This patipati, begging and borrowing mentality which often turns into stealing, still but at a fast and furious speed. We all need to be reminded of the dangers and negative effects such a lifestyle can bear upon our Cook Islands society if our people are not trained in biblical work ethics.

In real life there are no shortcuts or easy ways.

1. From the very foundation and beginning of human civilisation, our Creator God speaks to our very first forebears Adam and Eve in Genesis 1: 28 saying, “Be fruitful, and multiply, and replenish the earth, and subdue it and have dominion over the fish of the sea, and over the foul of the air, and over every living thing that moveth upon the earth, and at (verse 30), have given every green herb for meat (food): and it was so”.

2. God literally told them both, “In the sweat of thy face shalt thou eat bread, till to the earth ye shall return” (Genesis 3: 19).

3.  King Solomon rebukes the unproductive people and calls them as “sluggard – lazy”. “Go to the ant, thou sluggard; consider her ways and be wise: which having no guide, overseer, or ruler, provideth her meat in the summer, and gathereth her food in the harvest, how long wilt thou sleep, O sluggard” (Proverbs 6: 6 – 11).

4. Jesus removes the blessing from an unproductive person. “Take therefore the talent from him, and give it unto him which hath 10 talents. For unto every one that hath shall be given, and he shall have abundance: but from him that hath not shall be taken away even that which he hath” (Mathew 25: 28, 29).

5. The Apostle Paul gives stern warning to the Church, those that do not work should not eat. “For even when we were with you, this we commanded you, that if any would not work, neither should he eat” (2 Thessalonians 3: 10).

6. Paul further rebukes fathers who do not provide for their families. “But if any provide not for his own, and especially for those of his own house, he hath denied the faith, and is worse than an infidel (nonbeliever)” (1 Timothy 5: 8).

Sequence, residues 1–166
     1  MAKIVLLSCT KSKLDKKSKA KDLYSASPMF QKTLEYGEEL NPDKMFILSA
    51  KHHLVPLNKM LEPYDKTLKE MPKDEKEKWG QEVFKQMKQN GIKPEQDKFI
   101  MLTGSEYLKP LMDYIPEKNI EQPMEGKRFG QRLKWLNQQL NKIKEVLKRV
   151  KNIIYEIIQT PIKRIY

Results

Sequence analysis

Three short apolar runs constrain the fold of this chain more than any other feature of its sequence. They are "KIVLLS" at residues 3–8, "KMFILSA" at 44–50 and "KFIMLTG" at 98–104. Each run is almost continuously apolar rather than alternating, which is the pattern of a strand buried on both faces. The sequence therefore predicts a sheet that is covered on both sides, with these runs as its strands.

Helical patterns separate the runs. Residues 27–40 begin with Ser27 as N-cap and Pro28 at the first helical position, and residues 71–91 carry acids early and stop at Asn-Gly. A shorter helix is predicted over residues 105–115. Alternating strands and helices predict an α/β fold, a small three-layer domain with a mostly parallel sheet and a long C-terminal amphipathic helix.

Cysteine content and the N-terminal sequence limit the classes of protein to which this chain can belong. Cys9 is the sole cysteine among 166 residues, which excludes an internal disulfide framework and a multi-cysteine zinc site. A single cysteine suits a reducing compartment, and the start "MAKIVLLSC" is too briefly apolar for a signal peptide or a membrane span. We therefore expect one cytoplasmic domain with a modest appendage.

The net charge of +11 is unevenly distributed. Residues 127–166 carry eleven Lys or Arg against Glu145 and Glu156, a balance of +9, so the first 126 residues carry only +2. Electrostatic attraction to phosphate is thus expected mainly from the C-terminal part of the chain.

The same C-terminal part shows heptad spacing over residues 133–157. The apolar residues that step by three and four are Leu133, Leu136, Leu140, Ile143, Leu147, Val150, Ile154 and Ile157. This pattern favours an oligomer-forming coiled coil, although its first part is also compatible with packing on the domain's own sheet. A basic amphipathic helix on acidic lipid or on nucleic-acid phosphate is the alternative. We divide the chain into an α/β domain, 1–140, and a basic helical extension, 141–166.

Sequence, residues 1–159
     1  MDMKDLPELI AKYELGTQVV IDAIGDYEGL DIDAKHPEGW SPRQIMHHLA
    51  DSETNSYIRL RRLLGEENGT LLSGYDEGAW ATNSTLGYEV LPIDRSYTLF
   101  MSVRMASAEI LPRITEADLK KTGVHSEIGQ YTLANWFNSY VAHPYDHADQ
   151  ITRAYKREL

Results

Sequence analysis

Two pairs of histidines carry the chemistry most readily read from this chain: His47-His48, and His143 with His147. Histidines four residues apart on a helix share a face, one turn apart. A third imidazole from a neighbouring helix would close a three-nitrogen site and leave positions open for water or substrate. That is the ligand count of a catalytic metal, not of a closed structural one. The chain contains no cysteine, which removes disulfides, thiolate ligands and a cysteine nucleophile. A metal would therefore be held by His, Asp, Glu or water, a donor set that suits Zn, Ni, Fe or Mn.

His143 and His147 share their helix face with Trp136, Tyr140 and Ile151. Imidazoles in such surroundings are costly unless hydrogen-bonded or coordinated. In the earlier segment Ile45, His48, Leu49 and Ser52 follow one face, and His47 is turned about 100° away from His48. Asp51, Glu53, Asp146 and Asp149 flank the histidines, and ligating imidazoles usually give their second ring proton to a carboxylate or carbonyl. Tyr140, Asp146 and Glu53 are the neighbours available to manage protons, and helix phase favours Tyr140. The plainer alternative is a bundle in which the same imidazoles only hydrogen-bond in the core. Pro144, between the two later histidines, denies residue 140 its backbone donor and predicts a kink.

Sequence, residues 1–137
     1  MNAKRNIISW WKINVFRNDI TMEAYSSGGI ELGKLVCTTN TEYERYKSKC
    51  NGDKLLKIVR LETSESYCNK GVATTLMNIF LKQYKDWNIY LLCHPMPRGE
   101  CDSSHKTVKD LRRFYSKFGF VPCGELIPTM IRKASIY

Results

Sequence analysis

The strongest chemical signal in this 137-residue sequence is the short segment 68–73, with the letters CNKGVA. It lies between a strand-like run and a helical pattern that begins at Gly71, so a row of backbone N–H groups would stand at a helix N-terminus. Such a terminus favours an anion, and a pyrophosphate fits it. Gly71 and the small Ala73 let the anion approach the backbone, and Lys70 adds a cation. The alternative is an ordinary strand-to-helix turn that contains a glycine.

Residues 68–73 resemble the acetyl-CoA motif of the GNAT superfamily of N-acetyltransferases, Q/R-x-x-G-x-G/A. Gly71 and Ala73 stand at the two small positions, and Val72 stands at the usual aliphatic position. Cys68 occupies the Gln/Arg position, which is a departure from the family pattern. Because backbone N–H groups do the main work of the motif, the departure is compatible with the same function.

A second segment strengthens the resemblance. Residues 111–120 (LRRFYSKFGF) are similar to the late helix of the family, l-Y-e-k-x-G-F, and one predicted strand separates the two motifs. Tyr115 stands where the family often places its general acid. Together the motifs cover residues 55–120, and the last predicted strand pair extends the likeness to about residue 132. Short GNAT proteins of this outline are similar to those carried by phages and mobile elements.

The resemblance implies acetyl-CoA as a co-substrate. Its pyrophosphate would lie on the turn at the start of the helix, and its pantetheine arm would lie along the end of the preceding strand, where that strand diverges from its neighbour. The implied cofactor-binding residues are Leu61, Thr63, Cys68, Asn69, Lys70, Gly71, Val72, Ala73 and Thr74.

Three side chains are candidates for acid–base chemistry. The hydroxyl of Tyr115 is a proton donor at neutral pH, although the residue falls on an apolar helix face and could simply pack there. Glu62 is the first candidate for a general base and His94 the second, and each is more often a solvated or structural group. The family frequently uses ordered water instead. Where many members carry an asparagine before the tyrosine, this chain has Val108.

7. Paul instructs the Church that living a life of owing or indebtedness to anyone is not of God. “Owe no man anything...” (Romans 8: 13).

It is on this last and final point that I cringe when I see fellow Christians and churches in particular as well as our country, government and people continue to live in debt. They keep begging and borrowing, whether it’s hard or soft loans, aid money or whatever. It demeans, disgraces and defies the all-sufficient grace of our Christian all-powerful, all-supplying and all-sustaining God, our Great God and Saviour Jesus Christ (Titus 2: 13).

If these seabed deposits of manganese nodules in our very own territorial waters are God’s gift to quickly rescue and deliver our Cook Islands nation and people out of our most ungodly and shameful kaiou, kaiou, kaiou lifestyle. I call on heaven above – “Save now, I beseech thee O Lord: O Lord, I beseech thee, send now prosperity” (Psalms 118: 25).

It somewhat reminds me of one of the funny jokes that the comedy act the Laughing Samoans poked at their own Pacific Islands people thus: “When you see green, leafy-coloured food on the table, it is not for decoration; that is real food for you to eat”.

I do hope that scientific-minded people do not dwell too much and too long on thinking that the wealth and prosperity that has now been discovered on our seabed is not postulating as Mother Earth’s decoration at the bottom of an unseen ocean floor.

Finally, one of Israel’s greatest leaders, Moses wrote in Deuteronomy 28: 12 – 14: “The Lord shall open unto thee his good treasure, the heaven to give the rain unto thy land in his season, and to bless all the work of thine hand: and thou shalt lend unto many nations, and thou shalt not borrow. And the Lord shall make thee the head, and not the tail; and thou shalt be above only, and thou shalt not be beneath; if that thou hearken unto the commandment of the Lord thy God, which I command thee this day, to observe and to do them: And thou shall not go aside from any of the words which I command thee this day, to the right hand, or to the left, to go after other gods to serve them”.

Enough is enough, stop borrowing, go make your own, locally owned and God-deposited money! Manage it right! Watch our people return and the rest of the world come borrow and loan off your own Kuki bank.

God save, bless and prosper the Cook Islands!

                Bishop Tutai Pere

1 comment

  • Comment Link Josj Saturday, 08 December 2018 22:12 posted by Josj

    What a great article.
    I can’t wait to have a plot of land to grow my own kaikai and just live a peaceful life. No need to beg or borrow. Grow your own?